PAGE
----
Agri chief warns it may start in few months but says government ready for it
Agriculture Secretary William Dar warned of a looming food crisis that could start in the second half of the year as input prices soar and there will be little to buy in the global market.
“Many experts are saying there is indeed a looming crisis. But we’re prepared to handle this,” Dar said at a briefing Wednesday. “We have a directional plan to handle these big challenges.”
The plan, he said, involves rebooting agriculture towards recovery and growth and developing a resilient industry under the Department of Agriculture’s 10-year strategic plan.
The program is part of the transitional plan for farm and fisheries sectors, including a proposed P250 billion budget that the DA aims to forward to the transitional camp of presumptive president Ferdinand Marcos Jr.
“We have the details of the P250 billion budget for next year. We are readying the documents, and anytime soon, in the next two weeks, we will seek an audience with the transition [team] of president-elect Bongbong Marcos,” Dar said as he admitted offering to extend his service under the new administration.
To alleviate the effects of fuel spikes, Dar said the DA has doubled the fuel subsidy allotted to farmers and fishermen to P1.1 billion.
The subsidy will benefit corn farmers as well as the fishing communities.
Another cash transfer scheme that the DA is enforcing comes from excess tariff from the Rice Tariffication Law (RTL) that says that anything beyond the P10 billion for the rice competitiveness fund will be given as a subsidy under the Rice Farmers Assistance Program.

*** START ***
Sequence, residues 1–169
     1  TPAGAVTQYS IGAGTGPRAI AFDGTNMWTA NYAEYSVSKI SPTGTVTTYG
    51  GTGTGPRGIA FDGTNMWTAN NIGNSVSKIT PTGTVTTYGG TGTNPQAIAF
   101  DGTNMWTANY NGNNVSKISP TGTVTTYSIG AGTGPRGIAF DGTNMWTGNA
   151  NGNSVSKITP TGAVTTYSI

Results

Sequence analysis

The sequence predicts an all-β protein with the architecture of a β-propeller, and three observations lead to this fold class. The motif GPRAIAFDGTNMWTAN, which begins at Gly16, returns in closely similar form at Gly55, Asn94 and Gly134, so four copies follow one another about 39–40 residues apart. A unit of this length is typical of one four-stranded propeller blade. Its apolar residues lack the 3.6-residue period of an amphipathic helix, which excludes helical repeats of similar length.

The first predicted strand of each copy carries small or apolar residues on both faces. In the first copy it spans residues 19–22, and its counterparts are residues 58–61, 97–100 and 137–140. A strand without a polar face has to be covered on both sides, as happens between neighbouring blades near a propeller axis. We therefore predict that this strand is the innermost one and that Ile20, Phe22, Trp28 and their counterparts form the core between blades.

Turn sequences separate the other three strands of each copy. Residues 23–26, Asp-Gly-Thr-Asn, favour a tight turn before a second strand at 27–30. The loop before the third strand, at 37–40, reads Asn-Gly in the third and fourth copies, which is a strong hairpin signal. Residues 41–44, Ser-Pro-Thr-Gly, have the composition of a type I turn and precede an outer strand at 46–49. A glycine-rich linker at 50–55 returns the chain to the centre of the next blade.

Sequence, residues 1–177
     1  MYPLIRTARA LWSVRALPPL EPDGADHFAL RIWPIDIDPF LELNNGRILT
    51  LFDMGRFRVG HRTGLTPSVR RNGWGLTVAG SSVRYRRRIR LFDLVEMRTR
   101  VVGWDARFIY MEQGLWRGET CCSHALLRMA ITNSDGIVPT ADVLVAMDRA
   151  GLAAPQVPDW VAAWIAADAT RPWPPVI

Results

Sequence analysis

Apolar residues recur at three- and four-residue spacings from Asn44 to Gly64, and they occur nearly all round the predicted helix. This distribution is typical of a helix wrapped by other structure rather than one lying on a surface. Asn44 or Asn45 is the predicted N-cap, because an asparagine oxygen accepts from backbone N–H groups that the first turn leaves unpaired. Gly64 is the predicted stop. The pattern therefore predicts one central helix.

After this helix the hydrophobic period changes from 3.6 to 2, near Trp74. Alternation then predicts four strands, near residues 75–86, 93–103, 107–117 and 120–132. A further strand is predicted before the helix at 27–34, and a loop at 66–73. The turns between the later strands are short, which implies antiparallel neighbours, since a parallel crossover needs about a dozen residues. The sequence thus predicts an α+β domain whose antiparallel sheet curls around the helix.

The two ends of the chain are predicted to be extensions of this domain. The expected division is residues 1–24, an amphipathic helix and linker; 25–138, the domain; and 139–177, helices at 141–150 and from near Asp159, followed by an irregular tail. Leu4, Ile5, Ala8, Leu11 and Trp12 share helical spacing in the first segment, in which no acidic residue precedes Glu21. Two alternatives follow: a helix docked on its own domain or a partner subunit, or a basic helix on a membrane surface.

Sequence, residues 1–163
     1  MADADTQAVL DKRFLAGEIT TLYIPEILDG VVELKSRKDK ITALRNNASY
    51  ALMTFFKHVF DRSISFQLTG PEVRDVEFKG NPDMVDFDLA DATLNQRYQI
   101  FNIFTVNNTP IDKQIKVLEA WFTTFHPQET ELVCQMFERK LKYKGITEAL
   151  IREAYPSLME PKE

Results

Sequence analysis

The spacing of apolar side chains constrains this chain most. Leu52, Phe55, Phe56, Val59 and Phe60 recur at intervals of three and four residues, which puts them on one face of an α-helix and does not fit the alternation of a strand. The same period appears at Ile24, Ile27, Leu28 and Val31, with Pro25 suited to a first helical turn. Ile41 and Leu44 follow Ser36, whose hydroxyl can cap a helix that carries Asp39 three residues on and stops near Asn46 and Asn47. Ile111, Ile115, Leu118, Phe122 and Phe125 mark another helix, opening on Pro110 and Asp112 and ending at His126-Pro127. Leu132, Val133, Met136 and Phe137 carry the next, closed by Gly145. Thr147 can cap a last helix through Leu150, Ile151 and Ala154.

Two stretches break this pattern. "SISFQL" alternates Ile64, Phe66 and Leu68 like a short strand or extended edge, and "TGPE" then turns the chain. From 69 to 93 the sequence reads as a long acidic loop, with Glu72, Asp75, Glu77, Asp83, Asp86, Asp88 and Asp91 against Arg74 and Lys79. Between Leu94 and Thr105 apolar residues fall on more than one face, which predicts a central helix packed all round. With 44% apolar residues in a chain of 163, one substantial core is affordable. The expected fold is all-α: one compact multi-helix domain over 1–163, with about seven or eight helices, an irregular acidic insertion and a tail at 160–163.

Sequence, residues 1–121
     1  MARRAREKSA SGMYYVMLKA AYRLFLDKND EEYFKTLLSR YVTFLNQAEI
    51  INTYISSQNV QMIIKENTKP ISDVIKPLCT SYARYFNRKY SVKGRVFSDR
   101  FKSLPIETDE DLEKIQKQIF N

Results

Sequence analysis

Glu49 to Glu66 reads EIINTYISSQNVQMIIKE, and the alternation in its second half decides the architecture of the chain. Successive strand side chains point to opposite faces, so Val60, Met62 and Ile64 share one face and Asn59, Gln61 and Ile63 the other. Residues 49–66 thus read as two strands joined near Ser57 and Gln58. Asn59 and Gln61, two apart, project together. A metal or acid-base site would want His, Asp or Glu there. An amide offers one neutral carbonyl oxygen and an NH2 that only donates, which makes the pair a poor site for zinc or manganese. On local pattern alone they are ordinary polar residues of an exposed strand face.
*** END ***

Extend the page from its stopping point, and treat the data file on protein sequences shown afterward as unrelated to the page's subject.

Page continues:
Beneficiaries from this program are farmers tilling two hectares or less.
The DA is also considering a return of the Masaganang Ani program, a planting program for crops self-sufficiency, particularly in vegetable production, introduced by the first Marcos Administration.
Dar urged the public to help increase food production in the country by trying urban farming methods.
“We must be prepared, each Filipino, if possible, let’s all plant, raise, fish, here in urban areas. If there’s a way to increase the production of our farmers and fishers, let’s do it. We also have to do it, we, as citizens,” he said in a mix of Filipino and English.
He said the next administration should put a premium on cushioning the impact of food scarcity in the global market as a result of the Russian invasion of Ukraine.
The United Nations estimates that 1.7-billion people, the majority from developing economies, are expected to suffer greatly from “food insecurity, energy prices, and debt burdens.”
“Given elevated levels of socioeconomic stress following the COVID-19 crisis and unfolding impacts of climate change, just one of these channels is enough to trigger collapse – debt distress, food shortages, or blackouts. Of these 1.7 billion people, 553 million are already poor, and 215 million are already undernourished,” the UN Task Team for the Global Crisis Response Group said in its April 2022 report.
The UN also noted that with the leading role of Russia and Ukraine in supplies of food, energy, and fertilizer, 107 economies will be affected, including 38 economies in Asia and the Pacific.